The Charlie Bravo Story

Hope for the Hopeless

Dad here; I have officially given up on all hope. Any glint of daylight that I could sense just over the horizon has been forever extinguished, and I must resign myself to the sad but undeniable fact:

I will never be normal.

Friday night mom and celebrated our thirtieth anniversary by going to Oxford, MS to see Cody Jinks perform. Cody has recently become the soundtrack of the Casa del Whackos, as far as I’m concerned anyway, so we left the inmates in the care of Kat and we headed southeast across the delta.

Charlie was NOT pleased.

Anyway, the concert was progressing, Cody was bringing down the house as usual, then brought it down into the obligatory slow song “She’s All Mine”, and everyone around us goes all googly-eyed. Well, after thirty years of kids, dogs, tragedies, good times, bad times, and reality in general, what appears to be overly-affected sentimentality feels a little false to me. But, hey, I’ll give it the old college try, and I put my arm around mom. “Good move, dad” my inner Valentino tells me, until I realize to my dismay that I’m rubbing and patting her back in a fashion that I’ve perfected during a lifetime of loving on dogs.

Now before you start breaking out the torches and pitchforks, I’m not saying mom is a dog. On the contrary, I wouldn’t trade her for anyone on the planet, but in a moment of absentmindedness, you’ll have to forgive me if I reverted to old habits and the moment went from romantic to slightly weird in a nanosecond. Luckily, the song ended, and I was let off of the hook.

We were on the way home to Arkansas the next morning when she commented how nice it was that I put my arm around her. A “normal” person, or at least one that has more than two random brain cells bouncing around inside thier black hole of a skull, would have acknowledged the comment gracefully and then had the sense to shut his mouth and not risk self-incrimination, and all would have been well.

Did you catch the part earlier about not being normal?

As usual, my mouth went into gear before my brain engaged, and before I could stop myself, I had vomited the truth of the matter, and swallowing it back down was not an option. When she finally quit belly laughing, she said she had wondered why I had been patting her,and more importantly, why I had so abruptly stopped. I told her that it was because I figured that she didn’t like it, as when I scratch or pat a dog in just the right way, I’m rewarded by at least seeing a leg kick, and I saw no such response the night before. Her response was that she didn’t have room in the standing room only crowd to flip over on her back so I could rub that one ticklish spot on her belly, and a conversation that was already weird entered a whole different level of weirdness.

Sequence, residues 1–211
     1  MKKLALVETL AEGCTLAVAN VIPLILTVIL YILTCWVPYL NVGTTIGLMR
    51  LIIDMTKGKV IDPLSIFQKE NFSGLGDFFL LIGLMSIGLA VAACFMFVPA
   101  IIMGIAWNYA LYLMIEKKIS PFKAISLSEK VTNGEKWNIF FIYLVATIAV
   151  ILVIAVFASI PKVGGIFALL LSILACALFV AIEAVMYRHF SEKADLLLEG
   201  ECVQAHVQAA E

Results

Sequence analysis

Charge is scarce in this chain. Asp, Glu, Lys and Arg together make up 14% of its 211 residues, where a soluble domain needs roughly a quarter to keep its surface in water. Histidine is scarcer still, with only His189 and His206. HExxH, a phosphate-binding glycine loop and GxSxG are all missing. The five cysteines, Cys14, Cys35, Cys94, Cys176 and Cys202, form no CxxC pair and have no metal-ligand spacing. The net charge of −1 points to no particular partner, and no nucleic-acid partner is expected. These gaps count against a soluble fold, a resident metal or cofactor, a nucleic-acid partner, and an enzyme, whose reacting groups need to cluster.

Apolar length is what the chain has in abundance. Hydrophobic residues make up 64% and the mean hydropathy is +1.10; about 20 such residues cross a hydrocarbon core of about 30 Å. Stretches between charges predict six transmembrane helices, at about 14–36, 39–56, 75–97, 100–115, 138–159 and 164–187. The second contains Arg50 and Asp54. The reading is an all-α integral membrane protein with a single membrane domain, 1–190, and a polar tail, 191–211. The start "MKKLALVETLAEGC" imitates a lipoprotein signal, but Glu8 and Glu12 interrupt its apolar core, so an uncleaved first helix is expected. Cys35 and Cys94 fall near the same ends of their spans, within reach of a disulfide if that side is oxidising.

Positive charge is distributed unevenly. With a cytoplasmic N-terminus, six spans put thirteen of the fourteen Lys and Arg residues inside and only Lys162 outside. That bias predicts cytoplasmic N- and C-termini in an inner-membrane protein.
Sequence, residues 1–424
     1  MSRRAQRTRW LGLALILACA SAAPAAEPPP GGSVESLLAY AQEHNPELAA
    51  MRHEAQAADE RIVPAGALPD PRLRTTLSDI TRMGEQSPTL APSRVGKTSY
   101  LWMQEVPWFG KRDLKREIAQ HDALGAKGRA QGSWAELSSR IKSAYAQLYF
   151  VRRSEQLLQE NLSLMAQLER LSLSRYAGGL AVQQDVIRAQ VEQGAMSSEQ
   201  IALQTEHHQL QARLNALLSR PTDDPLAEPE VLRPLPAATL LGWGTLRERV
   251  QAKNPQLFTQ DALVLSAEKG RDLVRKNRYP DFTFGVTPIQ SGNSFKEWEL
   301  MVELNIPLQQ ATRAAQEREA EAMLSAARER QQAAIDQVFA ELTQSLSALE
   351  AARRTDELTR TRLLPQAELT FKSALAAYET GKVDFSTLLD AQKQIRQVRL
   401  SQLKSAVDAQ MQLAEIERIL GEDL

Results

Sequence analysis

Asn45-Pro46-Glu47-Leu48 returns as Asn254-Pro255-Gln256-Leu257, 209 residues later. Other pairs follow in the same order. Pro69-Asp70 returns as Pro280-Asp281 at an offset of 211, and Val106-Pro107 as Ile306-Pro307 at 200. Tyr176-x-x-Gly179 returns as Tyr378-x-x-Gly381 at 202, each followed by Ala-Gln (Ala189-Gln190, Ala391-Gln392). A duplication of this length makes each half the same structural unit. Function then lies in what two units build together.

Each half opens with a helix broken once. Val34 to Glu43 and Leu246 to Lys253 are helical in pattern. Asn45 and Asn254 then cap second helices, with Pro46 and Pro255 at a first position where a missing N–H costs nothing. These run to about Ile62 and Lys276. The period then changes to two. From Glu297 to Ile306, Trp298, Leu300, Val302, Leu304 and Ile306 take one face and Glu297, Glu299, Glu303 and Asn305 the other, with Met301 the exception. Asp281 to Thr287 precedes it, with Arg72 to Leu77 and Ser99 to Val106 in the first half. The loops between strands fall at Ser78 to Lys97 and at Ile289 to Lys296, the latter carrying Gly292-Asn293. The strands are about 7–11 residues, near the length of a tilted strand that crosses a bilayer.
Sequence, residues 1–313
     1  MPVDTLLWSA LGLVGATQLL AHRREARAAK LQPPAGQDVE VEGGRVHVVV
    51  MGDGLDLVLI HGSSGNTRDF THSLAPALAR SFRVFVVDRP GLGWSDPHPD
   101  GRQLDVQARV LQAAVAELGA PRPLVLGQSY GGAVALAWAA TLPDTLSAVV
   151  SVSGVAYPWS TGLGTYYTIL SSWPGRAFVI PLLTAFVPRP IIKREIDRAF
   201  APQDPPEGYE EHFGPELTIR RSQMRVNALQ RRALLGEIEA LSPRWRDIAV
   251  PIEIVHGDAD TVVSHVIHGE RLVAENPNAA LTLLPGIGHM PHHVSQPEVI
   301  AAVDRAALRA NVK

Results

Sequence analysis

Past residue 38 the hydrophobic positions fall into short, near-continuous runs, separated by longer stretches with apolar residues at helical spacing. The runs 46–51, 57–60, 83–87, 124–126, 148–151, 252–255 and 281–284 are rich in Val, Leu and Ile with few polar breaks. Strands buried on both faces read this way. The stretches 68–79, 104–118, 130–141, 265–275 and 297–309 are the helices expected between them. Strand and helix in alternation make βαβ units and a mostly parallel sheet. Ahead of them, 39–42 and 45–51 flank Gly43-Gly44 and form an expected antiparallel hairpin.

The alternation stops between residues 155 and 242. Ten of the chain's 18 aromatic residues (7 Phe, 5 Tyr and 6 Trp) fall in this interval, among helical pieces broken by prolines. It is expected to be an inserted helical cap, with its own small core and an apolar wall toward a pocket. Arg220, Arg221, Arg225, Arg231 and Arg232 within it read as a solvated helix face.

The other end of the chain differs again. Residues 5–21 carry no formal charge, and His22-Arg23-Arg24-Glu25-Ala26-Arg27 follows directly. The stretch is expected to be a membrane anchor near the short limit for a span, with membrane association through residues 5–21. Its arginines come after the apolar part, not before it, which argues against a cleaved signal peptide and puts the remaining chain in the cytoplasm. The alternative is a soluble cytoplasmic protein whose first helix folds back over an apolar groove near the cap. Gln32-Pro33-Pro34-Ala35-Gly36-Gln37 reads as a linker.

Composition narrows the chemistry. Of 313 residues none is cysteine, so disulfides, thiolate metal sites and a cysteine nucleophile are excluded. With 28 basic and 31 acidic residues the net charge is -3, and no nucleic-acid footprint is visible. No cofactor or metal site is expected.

So as a public service to those of you that are currently looking for a long term relationship with a significant other, we would like to present our tips on choosing a partner based on how thoroughly we have been indoctrinated by our dogs over the last thirty years. Before we begin, we would like to go on record as saying that we do not endorse the butt sniffing method of introduction, as although it seems to work for canines and would appear be more accurate than on-line dating services, we feel it could possibly send the wrong message to another human, in addition to being difficult to perform in western clothing.

As a first test of compatibility, we would suggest the proffered back-of-the-hand sniff. If your date immediately flips over on their back in a gesture of submission, you’re going to have some inferiority issues to deal with on down the road. Additional points should be deducted if they pee on themselves, as this means they probably share space with their Star Trek collection in their mother’s basement, or hoard shelves full of scary-eyed dolls.

On the other hand, so to speak, if they’re so picky about how they’re approached, hand under the chin or hsnd over the head, that they snap or snarl at you, they probably have aggression or dominance tendencies and it would probably be best to quickly move on to the next kennel at the shelter.

But if you have an old dog around the house that’s making an effort to do what’s right, however misguided his/her methods may appear to be, you might want to make sure they’re microchipped, as that one’s a keeper. Sure, the younger ones are cute, but who wants to potty train another puppy?

Sometimes the best ability is stickability.

So, the train of hope, of achieving any type of normalcy in my lifetime, has officially left the station, and mom says she’s good with that. Which is dang good thing, as she couldn’t run me off now if she wanted to.

And in the next thrilling episode of Hope for the Hopeless 2.0, we have a report from the Helena Animal Shelter, so don’t forget to tune in and tune out.

It’s always a party at the Casa del Whackos.

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